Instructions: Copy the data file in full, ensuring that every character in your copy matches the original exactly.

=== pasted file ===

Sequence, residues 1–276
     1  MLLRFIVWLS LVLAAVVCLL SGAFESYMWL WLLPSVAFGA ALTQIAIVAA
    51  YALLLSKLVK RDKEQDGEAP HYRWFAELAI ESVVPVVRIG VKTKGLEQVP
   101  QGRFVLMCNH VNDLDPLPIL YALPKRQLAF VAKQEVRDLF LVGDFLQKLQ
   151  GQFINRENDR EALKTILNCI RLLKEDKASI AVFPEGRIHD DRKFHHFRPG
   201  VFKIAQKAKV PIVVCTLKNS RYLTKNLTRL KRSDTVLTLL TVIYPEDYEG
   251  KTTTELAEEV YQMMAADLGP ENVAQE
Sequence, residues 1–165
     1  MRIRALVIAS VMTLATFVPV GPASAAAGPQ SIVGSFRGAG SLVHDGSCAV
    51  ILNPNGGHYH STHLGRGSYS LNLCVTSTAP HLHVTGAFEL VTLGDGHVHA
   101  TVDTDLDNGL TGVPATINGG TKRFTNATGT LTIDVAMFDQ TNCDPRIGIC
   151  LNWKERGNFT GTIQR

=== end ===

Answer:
Sequence, residues 1–276
     1  MLLRFIVWLS LVLAAVVCLL SGAFESYMWL WLLPSVAFGA ALTQIAIVAA
    51  YALLLSKLVK RDKEQDGEAP HYRWFAELAI ESVVPVVRIG VKTKGLEQVP
   101  QGRFVLMCNH VNDLDPLPIL YALPKRQLAF VAKQEVRDLF LVGDFLQKLQ
   151  GQFINRENDR EALKTILNCI RLLKEDKASI AVFPEGRIHD DRKFHHFRPG
   201  VFKIAQKAKV PIVVCTLKNS RYLTKNLTRL KRSDTVLTLL TVIYPEDYEG
   251  KTTTELAEEV YQMMAADLGP ENVAQE
Sequence, residues 1–165
     1  MRIRALVIAS VMTLATFVPV GPASAAAGPQ SIVGSFRGAG SLVHDGSCAV
    51  ILNPNGGHYH STHLGRGSYS LNLCVTSTAP HLHVTGAFEL VTLGDGHVHA
   101  TVDTDLDNGL TGVPATINGG TKRFTNATGT LTIDVAMFDQ TNCDPRIGIC
   151  LNWKERGNFT GTIQR